Agility is about leadership.  Human nature says it’s easier to follow a process, which can be referred to in times of trouble with a weak ‘I did my bit’ or ‘I used best practice’. Leadership is the missing ingredient.

Sadly, Agile practice in the technology world has become purely following the method, largely academic and belief led, religious even. It’s become the study of the writings of Ken Schwaber, rote learning and certifications. As with religious theology, the acceptance of the spirit, intention and principles of Agile, rather than the rules of the method, are where its true value becomes evident. We've lost that.

If there is a single learning that is obvious over years of Agile implementations, successes and failures, it is that there is no one size fits all.

Just as there are many kinds of good leadership, there are many kinds of agile approaches. As an Agile leader you must do what works for you, your organisation and your team. If Agile dogma is followed, then waste results as conflict ensues, and that is exactly what is happening out there right now.

We need to move away from these methodology wars. Commentary used to be confined to Agile v Waterfall methods, but now that the majority of technology developers and leaders have accepted that Agile is a valid approach and can co-exist with waterfall techniques across a delivery portfolio, the Agile ‘community’ is turning on itself with constant infighting about which framework is best - such as Scrum, Kanban, Crystal, Dynamic Systems Development Method, and Feature-Driven Development etc.

What makes Agile effective is strong leadership, adaptive planning, constant learning and transparent communications in all directions. In scaling agile, we are looking to replicate the successes of a single team and make an entire programme or organisation successful.

But scaling Agile is not a process scaling activity. It’s a behaviour scaling activity. We need servant leaders as Scrum Masters, and we need to develop and replicate them. At scale, scrum masters exist at the intersection of two teams, the team they lead and the team of leaders that they are also a part of. What is important is finding or developing and entrusting the right leaders, ensuring good planning and good communications, and cultivating a great execution context.

Execution context means trust, collaboration and, crucially, enough resources. Too many times Agile fails or is blamed when there has not been enough previous investment in behavioural change, in development environments, where their are too many constraints on desk and meeting space, or when technical debt has become unmanageable - un-paydownable even.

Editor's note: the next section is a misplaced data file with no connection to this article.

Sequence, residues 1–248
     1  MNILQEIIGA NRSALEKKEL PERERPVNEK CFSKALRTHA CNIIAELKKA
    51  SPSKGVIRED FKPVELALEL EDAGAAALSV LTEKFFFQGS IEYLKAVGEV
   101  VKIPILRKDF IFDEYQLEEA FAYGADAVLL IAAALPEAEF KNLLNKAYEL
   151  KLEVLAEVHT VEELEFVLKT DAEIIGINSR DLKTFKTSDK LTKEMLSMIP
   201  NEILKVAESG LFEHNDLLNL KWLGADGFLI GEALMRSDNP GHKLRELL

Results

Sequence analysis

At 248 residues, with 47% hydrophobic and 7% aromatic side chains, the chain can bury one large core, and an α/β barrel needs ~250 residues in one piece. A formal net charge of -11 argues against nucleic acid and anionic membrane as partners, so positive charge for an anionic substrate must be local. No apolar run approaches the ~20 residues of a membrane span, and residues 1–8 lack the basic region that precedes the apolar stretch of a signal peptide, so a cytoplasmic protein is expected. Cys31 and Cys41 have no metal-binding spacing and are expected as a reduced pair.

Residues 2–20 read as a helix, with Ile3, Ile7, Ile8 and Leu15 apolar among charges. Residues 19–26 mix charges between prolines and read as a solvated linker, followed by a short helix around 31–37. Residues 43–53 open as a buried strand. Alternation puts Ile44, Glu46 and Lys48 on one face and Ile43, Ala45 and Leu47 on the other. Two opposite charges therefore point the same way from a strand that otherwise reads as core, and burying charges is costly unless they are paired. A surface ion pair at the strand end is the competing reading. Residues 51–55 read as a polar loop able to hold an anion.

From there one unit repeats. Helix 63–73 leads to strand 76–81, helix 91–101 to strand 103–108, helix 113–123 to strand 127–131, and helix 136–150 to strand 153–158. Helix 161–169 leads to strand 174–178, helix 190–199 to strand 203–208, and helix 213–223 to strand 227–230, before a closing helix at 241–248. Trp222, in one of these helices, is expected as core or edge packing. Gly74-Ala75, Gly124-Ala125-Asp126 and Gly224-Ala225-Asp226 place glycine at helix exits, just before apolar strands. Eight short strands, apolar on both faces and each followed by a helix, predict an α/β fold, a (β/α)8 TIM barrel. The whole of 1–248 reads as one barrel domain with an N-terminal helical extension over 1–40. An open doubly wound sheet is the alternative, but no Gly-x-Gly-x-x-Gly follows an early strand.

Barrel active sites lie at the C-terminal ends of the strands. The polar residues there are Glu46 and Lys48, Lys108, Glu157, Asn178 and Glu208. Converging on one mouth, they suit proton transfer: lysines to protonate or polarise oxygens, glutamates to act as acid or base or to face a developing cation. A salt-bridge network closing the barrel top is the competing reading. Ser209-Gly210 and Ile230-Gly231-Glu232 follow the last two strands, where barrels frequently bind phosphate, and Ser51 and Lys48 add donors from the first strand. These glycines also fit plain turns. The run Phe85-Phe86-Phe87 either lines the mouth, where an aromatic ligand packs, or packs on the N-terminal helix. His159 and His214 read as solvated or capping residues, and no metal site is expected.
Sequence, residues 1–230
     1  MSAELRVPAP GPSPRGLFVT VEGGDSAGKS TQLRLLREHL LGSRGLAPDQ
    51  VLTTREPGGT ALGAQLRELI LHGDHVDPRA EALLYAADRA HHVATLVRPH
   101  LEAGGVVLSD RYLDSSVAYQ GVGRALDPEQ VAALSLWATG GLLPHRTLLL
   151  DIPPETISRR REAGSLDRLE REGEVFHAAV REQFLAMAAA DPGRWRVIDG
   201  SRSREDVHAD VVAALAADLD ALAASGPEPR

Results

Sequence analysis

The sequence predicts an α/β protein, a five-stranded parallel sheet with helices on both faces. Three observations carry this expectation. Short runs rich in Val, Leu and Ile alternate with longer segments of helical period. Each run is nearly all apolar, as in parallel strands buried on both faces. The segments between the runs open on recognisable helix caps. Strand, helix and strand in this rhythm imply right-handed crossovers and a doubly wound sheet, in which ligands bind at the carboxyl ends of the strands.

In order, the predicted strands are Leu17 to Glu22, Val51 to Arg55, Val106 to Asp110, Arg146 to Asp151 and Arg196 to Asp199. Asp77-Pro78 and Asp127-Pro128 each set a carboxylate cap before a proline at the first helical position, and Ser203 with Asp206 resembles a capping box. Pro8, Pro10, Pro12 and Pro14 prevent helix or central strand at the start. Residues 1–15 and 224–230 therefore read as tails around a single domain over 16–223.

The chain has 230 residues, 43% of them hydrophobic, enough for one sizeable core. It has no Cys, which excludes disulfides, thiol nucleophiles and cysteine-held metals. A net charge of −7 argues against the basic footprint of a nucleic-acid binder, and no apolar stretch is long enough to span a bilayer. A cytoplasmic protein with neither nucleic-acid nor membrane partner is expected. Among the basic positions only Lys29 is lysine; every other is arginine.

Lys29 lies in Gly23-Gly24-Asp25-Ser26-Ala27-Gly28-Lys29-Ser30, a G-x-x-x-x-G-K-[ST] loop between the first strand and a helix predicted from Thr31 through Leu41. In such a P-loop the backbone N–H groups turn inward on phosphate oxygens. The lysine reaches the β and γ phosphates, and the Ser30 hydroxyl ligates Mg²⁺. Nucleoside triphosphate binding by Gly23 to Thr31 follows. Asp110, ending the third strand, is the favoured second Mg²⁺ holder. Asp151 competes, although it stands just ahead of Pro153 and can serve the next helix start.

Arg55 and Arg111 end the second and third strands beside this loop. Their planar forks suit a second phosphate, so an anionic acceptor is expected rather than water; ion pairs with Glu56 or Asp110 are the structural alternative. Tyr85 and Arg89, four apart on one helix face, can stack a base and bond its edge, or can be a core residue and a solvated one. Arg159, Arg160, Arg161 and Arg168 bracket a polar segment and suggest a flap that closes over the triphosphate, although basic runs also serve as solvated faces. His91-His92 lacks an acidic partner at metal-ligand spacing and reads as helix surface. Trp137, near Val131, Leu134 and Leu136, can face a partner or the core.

So what is agile leadership? It is servant leadership, a coaching style, a desire for team success and team accountability. The team is the single entity. Pushing back against shared accountability criticisms is no weakness - for the self-directing team the buck stops with the team. This accountability, honesty and transparency needs to run through to the top of the organisation.

Agile simply cannot work without the right kind of leadership working relentlessly in building the right context. All the techniques and processes in the world amount to pretty diagrams without it. Too many frameworks mentioned earlier aim to control and are prescriptive, when the reality is that every problem or scaling challenge is very different. Out-of-the-box Agile frameworks and personal certification may be a starting place, but without good leadership the risk of falling back into prescriptive, top-down practices is always there. No certification exam can replicate the deep insights and intuition required to make a team successful,

Agile Success Principles

The following is a list of ingredients, by no means comprehensive, that get us towards successful Agile.

  • Stick to the Agile Manifesto principles. Even when scaling, they are still relevant. Study Agile techniques and learn how and when to use them.
  • Persistence. Often there is a good reason, usually context related, why Agile principles are hard to achieve. So, if you’re not seeing results after moderate perseverance, recognise the constraint and change the approach.
  • Be honest about status, challenges, strengths and weaknesses. Teams need to face some hard truths at times, so this honesty needs to be internally focused at times.
  • Empower the team to be autonomous and self-directing, and be a servant leader.
  • Ensure that the roadmap is well understood across all teams, and evolves with the domain knowledge in the dogged pursuit of achieving the goal in as simple a way as possible, and nothing else.
  • Ensure that information flows through and between teams. Don’t rely on timetabled meetings. If things are going awry at the scheduled ‘information sharing’ meetings, it’s because information isn’t flowing to the right people at the right time. Communication needs to happen when it needs to happen, communicating something at the wrong time, at the wrong level of detail, or to the wrong people is poor communication.
  • Visualise the work and the challenges likley to arise, and be ready for them.
  • Have a fixation with identifying and removing waste.
  • Accept that your team or engineering function as a whole has blind spots, and get help to identify and remove them, so that you can build capability in these areas.

Agile is about leadership, and leadership is about change. Don’t adopt frameworks blindly, think critically and test the theories to find what works. Keep moving, changing and evolving towards success. Allow your people to figure out what they need to do to deliver results - then you may begin to see your success.

If you'd like practical help with these challenges, then Aston Beck is well placed to assist.

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